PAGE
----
According to a recent article published in the Journal of Clinical Oncology, Zevalin™ is effective treatment for patients with recurrent follicular lymphoma.

NHL is a form of cancer that begins in the cells of the lymph system. The lymph system includes the spleen, thymus, tonsils, bone marrow, lymph nodes and circulating immune cells. The main cells in the lymph system are lymphocytes, of which there are two types: B and T-cells. Each of these cells has a very specific function in aiding the body to fight infection. NHL is characterized by the excessive accumulation of atypical (cancerous) lymphocytes. These lymphocytes can crowd the lymph system and suppress the formation and function of other immune and blood cells. While NHL is categorized by the type of lymphocyte it involves, it is also further defined by the rate at which the cancer grows, based on the appearance of the cells under a microscope. High-grade or aggressive NHL is the fastest growing and low-grade or indolent lymphoma is the slowest growing. Follicular lymphoma is considered an indolent lymphoma.

Zevalin™ (90Yttrium-2b8 ibritumomab tiuxetan) is a biological agent that is approved for treatment of recurrent or refractory indolent B-cell NHL. Zevalin™ is a type of treatment that uses two separate strategies to target and kill cancer cells. It is comprised of ibritumomab, which is a monoclonal antibody that is attached to a radioactive substance called Yttrium 90 (90Y). The monoclonal antibody portion of Zevalin™ binds to proteins (CD 20 antigen) found only on the surface of B-cells. Once Zevalin™ binds to the cancer cells, the immune system is stimulated to attack the cancer cells, while the attached 90Y destroys these cells by spontaneous emission of its radiation. Researchers speculate that Zevalin™ may produce anti-cancer effects through additional mechanisms not fully understood at present. This type of treatment not only provides anti-cancer treatment through separate strategies, but also allows the delivery of greater amounts of radiation to the cancer cells compared with external radiation therapy, while minimizing radiation exposure to normal cells. Treatment with Zevalin™ includes administration of Rituxan® prior to administration of Zevalin™, even in patients who have stopped responding to therapy with Rituxan® alone. Rituxan® is a monoclonal antibody that also binds to B-cells and is currently approved for the treatment of low-grade B-cell NHL.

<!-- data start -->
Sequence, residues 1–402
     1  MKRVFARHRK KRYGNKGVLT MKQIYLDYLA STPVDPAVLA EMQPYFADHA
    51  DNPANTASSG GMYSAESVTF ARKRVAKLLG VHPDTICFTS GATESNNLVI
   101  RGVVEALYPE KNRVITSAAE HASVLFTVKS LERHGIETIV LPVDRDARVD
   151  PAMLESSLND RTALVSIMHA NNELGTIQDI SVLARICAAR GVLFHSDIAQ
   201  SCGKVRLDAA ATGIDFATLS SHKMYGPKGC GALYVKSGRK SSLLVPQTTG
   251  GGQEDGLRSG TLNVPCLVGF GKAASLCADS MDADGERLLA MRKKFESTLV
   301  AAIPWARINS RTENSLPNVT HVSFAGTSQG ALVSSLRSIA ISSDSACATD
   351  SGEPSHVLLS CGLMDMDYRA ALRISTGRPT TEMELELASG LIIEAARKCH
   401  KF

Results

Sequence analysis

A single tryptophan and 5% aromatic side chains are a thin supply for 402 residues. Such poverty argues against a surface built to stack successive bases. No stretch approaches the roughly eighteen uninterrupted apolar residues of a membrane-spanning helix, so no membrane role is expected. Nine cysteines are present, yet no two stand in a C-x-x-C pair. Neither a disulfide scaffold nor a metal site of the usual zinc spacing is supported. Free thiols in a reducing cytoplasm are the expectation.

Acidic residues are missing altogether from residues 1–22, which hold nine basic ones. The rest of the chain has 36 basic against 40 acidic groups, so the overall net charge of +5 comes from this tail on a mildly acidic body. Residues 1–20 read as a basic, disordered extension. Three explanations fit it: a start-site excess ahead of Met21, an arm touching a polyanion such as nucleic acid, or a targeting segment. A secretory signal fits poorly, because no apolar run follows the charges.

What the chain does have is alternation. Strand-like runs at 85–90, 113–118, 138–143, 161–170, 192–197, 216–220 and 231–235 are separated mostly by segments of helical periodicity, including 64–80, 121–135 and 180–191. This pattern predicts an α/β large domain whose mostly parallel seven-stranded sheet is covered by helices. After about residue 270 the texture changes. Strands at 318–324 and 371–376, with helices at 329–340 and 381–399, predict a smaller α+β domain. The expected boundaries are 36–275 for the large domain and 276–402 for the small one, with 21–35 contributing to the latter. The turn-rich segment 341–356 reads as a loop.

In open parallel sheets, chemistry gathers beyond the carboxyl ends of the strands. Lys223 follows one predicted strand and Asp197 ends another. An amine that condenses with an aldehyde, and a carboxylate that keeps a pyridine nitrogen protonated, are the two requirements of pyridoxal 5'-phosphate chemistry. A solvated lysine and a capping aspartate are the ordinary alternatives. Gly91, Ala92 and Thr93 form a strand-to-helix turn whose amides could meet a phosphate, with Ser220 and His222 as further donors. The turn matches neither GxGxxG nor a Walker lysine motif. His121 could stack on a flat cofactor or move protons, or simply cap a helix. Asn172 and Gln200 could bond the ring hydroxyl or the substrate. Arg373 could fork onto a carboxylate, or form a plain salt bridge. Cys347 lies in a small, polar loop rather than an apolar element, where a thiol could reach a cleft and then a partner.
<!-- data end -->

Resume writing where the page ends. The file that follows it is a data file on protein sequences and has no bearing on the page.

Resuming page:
A recent multi-institutional clinical trial was recently conducted to evaluate Zevalin™ in the treatment of advanced, recurrent follicular lymphoma. This trial involved 57 patients who had received extensive prior treatment, including Rituxan® and had stopped responding to therapy. Patients first received two weekly doses of Rituxan® followed by Zevalin™. A complete disappearance of detectable cancer was achieved in 15% of patients, with an additional 59% achieving a partial disappearance of cancer. The average time to cancer progression for patients responding to treatment was almost 9 months. Treatment was generally well tolerated.

These researchers concluded that treatment with Zevalin™ appears to be an effective treatment option for patients with follicular lymphoma who have stopped responding to standard therapies. Patients with follicular lymphoma may wish to speak with their physician about the risks and benefits of participating in a clinical trial further evaluating Zevalin™ or other promising therapies. Two sources of information regarding ongoing clinical trials include the National Cancer Institute (cancer.gov) and www.eCancerTrials.com. ECancerTrials.com also provides personalized clinical trial searches on behalf of patients.

Reference: Witzig T, Flinn I, Gordon L, et al. Treatment with ibritumomab tiuxetan radioimmunotherapy in patients with rituximab-refractory follicular non-Hodgkin’s lymphoma.

Journal of Clinical Oncology. 2002;20:3262-3269.

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